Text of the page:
Getting a New iPhone? How to Back Up Your Old One

If you're buying a new iPhone, and the old one will be disposed of in some fashion, it will be a good idea to create a complete backup of that old iPhone just before it's decommissioned. Here's how to do it.

With iTunes 11 running on your Mac or PC, connect your iPhone with the USB cable. On the upper right side of iTunes, you'll see a "device" button. Click it and then click the iPhone icon.

In the tab buttons at the top of iTunes, make sure you've select the Summary tab.

Then you should see a page like this:

In the "Backups" section, select:

  1. Automatically back up to "iCloud" or "This computer." I recommend, for starters, you back up to your Mac. It will be faster and more private. You can even encrypt the backup with a password if desired.
  2. In the block on the right (shown in red), Click "Back Up Now." The application data and settings on your iPhone will be saved in a complete backup (except the OS itself): your settings, plus the selected sync options for music, movies, books, etc.

Because your apps, music, books, movies, etc. are already stored in iTunes (and presumably backed up by you with Time Machine, at least), the backup archive doesn't actually contain all that content: just references (lists) to what was synced to the iPhone.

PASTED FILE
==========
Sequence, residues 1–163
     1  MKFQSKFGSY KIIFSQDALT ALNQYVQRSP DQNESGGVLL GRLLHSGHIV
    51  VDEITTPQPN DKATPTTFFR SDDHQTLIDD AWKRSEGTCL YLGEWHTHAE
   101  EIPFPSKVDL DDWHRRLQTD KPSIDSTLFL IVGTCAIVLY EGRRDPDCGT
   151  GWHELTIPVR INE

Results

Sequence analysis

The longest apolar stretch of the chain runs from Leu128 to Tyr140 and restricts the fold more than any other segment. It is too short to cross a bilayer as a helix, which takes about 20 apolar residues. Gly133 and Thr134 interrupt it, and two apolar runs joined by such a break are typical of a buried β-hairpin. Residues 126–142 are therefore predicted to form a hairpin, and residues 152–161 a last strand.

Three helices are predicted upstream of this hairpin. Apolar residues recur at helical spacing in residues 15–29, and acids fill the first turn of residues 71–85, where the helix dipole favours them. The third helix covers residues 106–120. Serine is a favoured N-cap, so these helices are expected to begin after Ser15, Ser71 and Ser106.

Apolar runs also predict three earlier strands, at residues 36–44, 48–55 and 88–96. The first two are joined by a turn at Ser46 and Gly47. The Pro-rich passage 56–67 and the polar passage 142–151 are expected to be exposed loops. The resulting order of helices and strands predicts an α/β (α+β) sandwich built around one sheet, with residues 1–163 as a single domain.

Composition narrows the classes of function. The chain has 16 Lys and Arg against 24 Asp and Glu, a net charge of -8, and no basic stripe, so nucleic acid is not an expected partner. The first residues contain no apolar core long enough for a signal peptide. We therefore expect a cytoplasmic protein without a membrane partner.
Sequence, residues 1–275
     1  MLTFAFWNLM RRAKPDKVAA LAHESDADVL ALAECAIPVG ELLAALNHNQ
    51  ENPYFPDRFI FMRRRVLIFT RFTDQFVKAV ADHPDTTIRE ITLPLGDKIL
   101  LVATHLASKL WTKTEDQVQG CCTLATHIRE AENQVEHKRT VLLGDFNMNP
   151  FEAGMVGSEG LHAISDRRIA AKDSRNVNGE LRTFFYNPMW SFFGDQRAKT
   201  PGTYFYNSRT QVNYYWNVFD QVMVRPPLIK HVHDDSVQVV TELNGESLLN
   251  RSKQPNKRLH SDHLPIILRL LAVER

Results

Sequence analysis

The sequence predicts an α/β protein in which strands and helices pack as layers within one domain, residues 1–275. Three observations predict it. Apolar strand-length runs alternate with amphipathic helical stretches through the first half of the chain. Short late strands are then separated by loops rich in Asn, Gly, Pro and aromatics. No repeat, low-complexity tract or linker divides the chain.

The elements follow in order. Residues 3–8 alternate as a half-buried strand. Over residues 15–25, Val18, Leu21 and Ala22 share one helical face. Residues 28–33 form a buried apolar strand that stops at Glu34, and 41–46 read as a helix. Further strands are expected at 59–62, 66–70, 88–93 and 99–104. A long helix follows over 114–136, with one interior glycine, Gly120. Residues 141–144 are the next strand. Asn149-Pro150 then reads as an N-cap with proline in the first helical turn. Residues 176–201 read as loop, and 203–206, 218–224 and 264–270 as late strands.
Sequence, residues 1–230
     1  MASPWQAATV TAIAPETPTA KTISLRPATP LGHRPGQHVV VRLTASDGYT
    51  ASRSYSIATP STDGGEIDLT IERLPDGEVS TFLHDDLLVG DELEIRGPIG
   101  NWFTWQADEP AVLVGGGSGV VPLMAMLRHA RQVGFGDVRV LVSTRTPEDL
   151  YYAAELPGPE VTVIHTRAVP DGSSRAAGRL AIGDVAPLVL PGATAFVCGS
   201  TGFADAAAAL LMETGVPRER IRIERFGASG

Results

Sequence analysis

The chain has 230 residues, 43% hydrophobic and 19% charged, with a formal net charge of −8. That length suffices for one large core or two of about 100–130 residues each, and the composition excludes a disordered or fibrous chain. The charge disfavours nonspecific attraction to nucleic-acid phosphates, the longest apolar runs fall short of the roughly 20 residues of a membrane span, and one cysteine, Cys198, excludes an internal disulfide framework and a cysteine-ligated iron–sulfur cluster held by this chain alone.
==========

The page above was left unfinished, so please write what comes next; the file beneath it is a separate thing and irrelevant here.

Of course, if you don't have a Mac or PC, Apple has made the iCloud option available. On your iPhone: Settings -> iCloud -> Storage & Backup -> iCloud Backup = ON.)

When you get your new iPhone, reverse the process. Connect it to your Mac and select "Restore backup". (Or, during the activation and set up process, you could elect to restore from iCloud.) Because the OS is not overwritten in either case, iOS 7 on your new iPhone will remain intact.

If you have elected to encrypt your backup then all your email passwords will be preserved. If you have elected not to encrypt the backup, those plaintext passwords were not included in the archive for the sake of security. You'll have to re-enter them on your new iPhone.

Note that if you merely elect to do an iTunes Sync (Settings -> General -> iTunes Wi-Fi Sync) only the items you've selected to sync with the iPhone in iTunes elections will be copied. Settings are not synced.

ITunes Wi-Fi sync doesn't preserve settings.

Finally, the name of your iPhone in the iTunes summary page is an editable field. If you click it you can rename the new iPhone, and that label will be used for all future backup file names.

The name of your iPhone in ITunes is editable.

Another housekeeping task to attend to at this time is to force a transfer of purchases from your old iPhone back to iTunes.  We have noticed that, during a routine sync, sometimes, not all updates that one applies on the iPhone get transferred back to iTunes. You can force this under the iTunes File Menu -> Devices.

Use this to force app puchases and updates back to iTunes.

Finally, note that Apple typically posts a new version of iTunes just before a major new IOS release, so watch for that before you proceed.